The following applications participated in the benchmark: Microsoft Edge, Settings, Calculator, Calendar, Maps, Movies and TV, Groove Music, People, Store and Voice Recorder

I think we are already starting to notice a certain pattern …

For this indicator, we see quite serious results. The situation starts to get worse again after 1809, and the peak falls on 19H1. The results are nowhere clearer.

Verdict: Launching UWP apps has become significantly slower with subsequent feature updates.

5. Windows Search

In this experiment, I used Windows Search to find all the msinfo32 files on the C: drive. Let’s evaluate the results:

Here, unlike other benchmarks, the results vary greatly, so it cannot be said with certainty that a deterioration has occurred.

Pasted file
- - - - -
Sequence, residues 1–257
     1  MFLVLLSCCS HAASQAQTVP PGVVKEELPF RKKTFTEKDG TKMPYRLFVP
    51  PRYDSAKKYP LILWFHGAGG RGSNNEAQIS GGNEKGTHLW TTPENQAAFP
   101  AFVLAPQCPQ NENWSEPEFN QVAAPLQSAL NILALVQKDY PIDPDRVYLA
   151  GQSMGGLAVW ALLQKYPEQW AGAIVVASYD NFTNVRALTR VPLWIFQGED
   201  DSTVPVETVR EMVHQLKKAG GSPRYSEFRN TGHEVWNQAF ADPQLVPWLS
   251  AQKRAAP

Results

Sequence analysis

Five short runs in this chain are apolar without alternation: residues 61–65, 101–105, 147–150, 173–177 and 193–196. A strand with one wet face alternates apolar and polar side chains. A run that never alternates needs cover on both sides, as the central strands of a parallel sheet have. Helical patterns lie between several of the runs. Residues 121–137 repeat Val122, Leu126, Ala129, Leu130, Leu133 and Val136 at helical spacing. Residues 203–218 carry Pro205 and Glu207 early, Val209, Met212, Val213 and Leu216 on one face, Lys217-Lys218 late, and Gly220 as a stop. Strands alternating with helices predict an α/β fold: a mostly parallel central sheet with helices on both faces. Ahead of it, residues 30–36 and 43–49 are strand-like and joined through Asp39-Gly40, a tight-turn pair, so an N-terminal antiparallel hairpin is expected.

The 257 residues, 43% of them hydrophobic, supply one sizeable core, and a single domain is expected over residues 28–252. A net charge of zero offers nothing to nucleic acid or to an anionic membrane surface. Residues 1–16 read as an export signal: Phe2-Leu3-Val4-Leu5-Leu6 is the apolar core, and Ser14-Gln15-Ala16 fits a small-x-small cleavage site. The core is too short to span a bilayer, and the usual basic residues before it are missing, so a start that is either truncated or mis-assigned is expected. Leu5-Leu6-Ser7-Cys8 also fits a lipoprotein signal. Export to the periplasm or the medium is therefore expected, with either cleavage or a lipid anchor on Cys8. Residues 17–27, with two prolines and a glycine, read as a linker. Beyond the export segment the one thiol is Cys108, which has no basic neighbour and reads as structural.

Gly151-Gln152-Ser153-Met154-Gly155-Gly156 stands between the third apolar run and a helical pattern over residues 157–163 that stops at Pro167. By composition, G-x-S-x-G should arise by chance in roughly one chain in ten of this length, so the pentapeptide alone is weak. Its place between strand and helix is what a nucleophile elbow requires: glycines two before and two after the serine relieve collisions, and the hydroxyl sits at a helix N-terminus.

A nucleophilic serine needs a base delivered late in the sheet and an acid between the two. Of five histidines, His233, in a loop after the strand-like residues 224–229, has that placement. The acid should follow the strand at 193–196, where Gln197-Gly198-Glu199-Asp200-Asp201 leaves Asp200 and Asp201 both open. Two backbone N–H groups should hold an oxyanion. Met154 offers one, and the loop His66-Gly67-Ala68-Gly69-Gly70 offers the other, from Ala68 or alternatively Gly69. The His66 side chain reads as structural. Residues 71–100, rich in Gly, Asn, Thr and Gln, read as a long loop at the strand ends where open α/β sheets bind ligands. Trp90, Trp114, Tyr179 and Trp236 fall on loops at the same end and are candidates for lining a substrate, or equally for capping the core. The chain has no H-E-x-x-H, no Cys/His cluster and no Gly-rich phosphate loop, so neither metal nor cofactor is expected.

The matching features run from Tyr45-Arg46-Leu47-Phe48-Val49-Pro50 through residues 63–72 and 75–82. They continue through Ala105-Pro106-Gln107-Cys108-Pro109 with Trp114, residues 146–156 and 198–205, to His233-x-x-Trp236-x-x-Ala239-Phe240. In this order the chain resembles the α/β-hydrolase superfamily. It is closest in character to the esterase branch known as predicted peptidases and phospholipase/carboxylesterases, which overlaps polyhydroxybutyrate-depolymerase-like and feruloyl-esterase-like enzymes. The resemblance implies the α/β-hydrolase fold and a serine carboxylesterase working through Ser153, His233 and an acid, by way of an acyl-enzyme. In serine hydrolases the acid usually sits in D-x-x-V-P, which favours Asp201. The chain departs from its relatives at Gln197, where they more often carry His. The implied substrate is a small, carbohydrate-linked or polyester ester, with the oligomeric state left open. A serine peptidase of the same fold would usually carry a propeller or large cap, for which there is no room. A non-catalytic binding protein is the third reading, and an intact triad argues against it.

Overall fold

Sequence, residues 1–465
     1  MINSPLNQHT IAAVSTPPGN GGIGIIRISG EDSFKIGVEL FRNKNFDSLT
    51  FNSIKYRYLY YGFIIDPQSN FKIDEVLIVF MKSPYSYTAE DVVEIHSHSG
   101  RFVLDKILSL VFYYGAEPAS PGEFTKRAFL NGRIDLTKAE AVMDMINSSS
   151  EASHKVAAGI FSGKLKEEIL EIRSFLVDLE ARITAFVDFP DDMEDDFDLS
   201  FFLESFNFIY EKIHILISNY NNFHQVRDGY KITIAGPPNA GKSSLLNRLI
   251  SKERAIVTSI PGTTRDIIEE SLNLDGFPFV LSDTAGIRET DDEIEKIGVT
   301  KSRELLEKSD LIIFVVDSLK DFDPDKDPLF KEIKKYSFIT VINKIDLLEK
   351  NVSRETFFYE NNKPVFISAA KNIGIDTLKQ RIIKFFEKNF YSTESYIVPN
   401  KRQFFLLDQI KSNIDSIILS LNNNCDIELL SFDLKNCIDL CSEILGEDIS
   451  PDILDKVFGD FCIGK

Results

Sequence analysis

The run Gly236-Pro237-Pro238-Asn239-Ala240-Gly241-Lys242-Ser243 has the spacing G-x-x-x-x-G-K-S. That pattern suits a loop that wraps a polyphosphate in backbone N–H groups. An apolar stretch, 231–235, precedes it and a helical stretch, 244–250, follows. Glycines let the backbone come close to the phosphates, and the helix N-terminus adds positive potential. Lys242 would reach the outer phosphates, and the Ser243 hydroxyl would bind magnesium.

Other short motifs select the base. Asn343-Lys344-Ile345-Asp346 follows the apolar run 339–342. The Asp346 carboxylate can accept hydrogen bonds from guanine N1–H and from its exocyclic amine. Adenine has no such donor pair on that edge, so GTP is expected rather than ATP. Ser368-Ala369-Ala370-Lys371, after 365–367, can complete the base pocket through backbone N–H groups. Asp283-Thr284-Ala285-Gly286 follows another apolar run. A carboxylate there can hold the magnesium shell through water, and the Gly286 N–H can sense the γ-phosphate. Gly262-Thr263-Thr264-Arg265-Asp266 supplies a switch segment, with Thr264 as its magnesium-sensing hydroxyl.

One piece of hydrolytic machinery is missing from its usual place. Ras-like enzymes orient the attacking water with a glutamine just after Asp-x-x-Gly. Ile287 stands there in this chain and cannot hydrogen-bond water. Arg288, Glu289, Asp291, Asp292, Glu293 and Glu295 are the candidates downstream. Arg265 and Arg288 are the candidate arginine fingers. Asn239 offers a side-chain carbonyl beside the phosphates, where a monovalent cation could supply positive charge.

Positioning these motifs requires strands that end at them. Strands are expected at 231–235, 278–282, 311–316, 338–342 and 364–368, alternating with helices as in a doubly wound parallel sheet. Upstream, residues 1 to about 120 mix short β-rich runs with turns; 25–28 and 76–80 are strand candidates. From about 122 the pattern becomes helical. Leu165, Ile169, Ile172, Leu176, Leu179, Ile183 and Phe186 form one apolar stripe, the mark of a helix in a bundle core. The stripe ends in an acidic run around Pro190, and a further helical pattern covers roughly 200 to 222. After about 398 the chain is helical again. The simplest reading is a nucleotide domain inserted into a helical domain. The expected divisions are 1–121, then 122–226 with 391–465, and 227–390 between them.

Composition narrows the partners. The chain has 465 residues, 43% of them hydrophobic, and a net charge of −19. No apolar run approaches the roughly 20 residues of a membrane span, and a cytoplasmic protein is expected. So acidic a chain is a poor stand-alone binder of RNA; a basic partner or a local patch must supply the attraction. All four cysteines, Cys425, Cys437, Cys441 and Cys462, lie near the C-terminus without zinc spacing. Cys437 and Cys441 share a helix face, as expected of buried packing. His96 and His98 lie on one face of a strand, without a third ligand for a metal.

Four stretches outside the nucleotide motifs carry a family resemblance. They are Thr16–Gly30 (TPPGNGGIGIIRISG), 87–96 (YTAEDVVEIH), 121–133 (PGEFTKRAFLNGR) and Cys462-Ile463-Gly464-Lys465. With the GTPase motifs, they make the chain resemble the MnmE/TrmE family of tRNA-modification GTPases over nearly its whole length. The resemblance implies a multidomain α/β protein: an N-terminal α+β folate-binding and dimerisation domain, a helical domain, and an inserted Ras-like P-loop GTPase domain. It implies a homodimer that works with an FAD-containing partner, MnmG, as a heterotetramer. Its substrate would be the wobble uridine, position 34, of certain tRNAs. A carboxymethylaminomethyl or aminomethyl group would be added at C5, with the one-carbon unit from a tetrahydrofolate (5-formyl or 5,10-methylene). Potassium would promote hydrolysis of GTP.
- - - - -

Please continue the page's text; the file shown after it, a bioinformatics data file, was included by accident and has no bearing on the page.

Verdict: Results are uncertain.

6. Benchmark GDI

For this test, I used ADeltaX’s REGDI32 benchmark, which generates 9,900 GDI descriptors, slightly less than the maximum of 10,000. This program produces a benchmark of the time it takes to render all the descriptors. Let’s take a look at the results:

Less is better.

As you can see, prior to Windows 10 19H1, there was a steady growth, culminating in a significant drop in 20H1. It looks like the GDI performance issue has thankfully been resolved, which is good news.

Verdict: GDI performance became slower with each subsequent release, but this issue was fixed.

7. Conductor stress test

For this benchmark, I wrote a very simple batch file that opens instances of Explorer until GDI is exhausted. This checks not only the rendering speed of GDI but also the startup time of Win32. The faster we see visual artifacts, the better.

Again, we see a significant increase in time since Windows 10 1809. While we saw in the previous section that GDI performance improved significantly in 20H1, it still didn’t help much in reducing the time to GDI exhaustion. Therefore, we can conclude that the increase in time is due to the fact that the launch of Win32 applications has slowed down.

Verdict: It takes longer to open instances of Explorer before the OS has finished GDI descriptors.

8. Windows Defender Quick Scan